COP 28 must agree on the target amount of funds needed to address damage and loss due to the climate crisis (Loss & Damage). Developed countries based on the principle of CBDR (Common but Differentiated Responsibility) must immediately provide a fair, adequate and new portion of funding so that the operationalization of the Loss & Damage funding. The most effective funding mechanisms can be implemented immediately. The operationalization of Loss & Damage funding mechanisms allocated to countries and communities most in need should be based on vulnerability and capacity assessments taking into account adaptation constraints. Funding mechanisms should be designed to be simple without getting bogged down in complex bureaucratic processes and immediately accessible to affected communities in an effective and efficient manner. Loss & Damage should focus on reconstruction, restoration and rehabilitation and provide financial support for communities who have lost their homes either temporarily or permanently. Loss & Damage should also provide financial support for both economic and non-economic losses such as loss of cultural heritage and biodiversity.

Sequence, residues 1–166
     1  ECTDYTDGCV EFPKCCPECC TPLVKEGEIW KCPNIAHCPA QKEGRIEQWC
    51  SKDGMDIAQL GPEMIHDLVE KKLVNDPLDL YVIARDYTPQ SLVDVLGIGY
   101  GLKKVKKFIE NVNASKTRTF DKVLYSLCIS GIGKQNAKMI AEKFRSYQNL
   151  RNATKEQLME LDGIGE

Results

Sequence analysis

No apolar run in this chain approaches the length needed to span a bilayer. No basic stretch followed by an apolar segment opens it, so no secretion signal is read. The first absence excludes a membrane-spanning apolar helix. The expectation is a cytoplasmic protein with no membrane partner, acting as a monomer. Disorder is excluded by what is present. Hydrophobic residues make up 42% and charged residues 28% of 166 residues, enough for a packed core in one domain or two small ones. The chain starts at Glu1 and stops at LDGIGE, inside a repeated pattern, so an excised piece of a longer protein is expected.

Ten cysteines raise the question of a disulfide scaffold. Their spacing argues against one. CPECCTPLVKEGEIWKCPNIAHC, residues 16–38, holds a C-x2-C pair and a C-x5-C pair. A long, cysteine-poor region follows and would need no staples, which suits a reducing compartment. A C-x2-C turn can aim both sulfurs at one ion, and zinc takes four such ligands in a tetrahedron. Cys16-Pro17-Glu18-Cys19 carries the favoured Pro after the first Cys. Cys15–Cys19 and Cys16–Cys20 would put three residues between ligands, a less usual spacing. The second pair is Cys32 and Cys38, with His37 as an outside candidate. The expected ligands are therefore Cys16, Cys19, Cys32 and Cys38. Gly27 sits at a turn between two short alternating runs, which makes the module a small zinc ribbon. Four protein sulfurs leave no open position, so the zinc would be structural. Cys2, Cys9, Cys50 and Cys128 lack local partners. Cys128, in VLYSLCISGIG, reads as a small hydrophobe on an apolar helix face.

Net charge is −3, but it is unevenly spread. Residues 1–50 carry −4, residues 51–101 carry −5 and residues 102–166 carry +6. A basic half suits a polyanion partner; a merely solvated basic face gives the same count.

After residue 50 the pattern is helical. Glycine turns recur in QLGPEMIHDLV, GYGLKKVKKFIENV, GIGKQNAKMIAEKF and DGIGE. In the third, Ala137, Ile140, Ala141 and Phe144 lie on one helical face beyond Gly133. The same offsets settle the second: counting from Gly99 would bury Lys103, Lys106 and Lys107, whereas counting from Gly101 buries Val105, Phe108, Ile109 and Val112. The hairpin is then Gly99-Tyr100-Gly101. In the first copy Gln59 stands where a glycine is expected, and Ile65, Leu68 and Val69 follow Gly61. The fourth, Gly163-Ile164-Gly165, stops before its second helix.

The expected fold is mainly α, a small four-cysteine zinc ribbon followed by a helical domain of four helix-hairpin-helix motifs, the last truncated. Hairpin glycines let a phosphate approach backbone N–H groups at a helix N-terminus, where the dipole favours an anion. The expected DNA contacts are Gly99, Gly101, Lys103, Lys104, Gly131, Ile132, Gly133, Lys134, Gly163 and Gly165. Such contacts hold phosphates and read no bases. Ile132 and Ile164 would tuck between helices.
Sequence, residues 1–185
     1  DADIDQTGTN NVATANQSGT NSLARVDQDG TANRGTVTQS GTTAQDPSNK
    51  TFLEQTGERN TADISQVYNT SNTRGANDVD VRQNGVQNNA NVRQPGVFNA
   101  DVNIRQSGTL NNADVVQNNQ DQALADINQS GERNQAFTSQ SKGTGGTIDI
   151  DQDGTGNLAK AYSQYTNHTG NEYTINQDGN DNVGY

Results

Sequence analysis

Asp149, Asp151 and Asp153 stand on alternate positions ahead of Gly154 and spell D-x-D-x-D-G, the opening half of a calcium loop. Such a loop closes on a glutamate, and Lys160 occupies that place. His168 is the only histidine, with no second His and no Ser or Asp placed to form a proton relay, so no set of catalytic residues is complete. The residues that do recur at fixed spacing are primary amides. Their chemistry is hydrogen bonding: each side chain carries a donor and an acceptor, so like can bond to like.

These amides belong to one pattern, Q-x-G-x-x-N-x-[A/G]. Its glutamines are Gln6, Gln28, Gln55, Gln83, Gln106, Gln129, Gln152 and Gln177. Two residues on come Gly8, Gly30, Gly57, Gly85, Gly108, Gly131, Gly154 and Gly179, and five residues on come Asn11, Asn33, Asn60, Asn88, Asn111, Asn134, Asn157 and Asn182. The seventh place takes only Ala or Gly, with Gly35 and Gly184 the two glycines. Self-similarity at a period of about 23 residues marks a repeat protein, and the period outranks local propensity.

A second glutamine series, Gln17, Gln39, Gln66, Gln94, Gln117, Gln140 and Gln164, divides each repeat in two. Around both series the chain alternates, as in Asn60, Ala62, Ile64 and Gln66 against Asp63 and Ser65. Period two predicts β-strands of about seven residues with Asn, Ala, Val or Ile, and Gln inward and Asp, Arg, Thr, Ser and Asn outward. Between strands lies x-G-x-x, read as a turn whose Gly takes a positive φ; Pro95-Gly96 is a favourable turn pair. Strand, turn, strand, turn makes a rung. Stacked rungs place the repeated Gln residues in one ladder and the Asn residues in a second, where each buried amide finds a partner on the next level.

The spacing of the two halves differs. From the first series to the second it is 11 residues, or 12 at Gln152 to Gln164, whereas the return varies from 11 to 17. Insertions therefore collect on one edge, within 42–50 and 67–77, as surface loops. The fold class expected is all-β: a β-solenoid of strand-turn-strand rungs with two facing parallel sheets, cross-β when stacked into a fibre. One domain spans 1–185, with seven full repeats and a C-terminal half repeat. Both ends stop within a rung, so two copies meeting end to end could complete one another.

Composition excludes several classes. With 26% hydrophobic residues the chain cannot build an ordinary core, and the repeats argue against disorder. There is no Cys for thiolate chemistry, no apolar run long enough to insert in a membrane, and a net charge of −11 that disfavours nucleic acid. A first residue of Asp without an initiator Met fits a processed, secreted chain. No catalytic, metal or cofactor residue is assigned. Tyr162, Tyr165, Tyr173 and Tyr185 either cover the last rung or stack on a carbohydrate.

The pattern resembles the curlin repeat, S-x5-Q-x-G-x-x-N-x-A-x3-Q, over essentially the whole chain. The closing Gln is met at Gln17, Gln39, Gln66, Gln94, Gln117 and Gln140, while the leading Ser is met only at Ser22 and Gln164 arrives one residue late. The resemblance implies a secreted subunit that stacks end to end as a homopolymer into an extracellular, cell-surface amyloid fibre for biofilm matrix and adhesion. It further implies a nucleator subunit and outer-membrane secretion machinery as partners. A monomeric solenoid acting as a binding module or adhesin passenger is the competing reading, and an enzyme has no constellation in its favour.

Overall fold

2. Strengthen climate commitments (NDCs) in line with Global Stocktake results;
The output of the Global Stocktake should be a reference for strengthening each country’s climate commitment. It is also for re-setting the course of each country in determining the direction of its emission reduction and the form of the next NDC.

The next round of NDCs must close the emission gap of 20.3-23.9 Gt CO2 eq by 2030 without reducing the adaptive capacity of other countries, especially in developing and poor countries, while protecting the human rights of local communities1. In addition, this moment needs to be used to enhance a more participatory and inclusive process in involving Non- State Actors in the next revision of the NDC.

3. Adopt a global target for phasing out all fossil fuels;
Stop the utilisation of fossil fuels for all types and countries without exception both on-grid and off-grid including captive, because we are already at the crisis stage. Therefore, all countries are obliged to phase out fossil fuels and transition to renewable energy. This must be done in an equitable by protecting the rights of those most affected and those who contribute the least, including laborer’s, with due regard to gender and social rights, including land rights, and the right to a good and healthy environment.

4. Adopt a global target to stop the destruction and restore all natural ecosystems including forests, coasts, mangroves and oceans by 2030;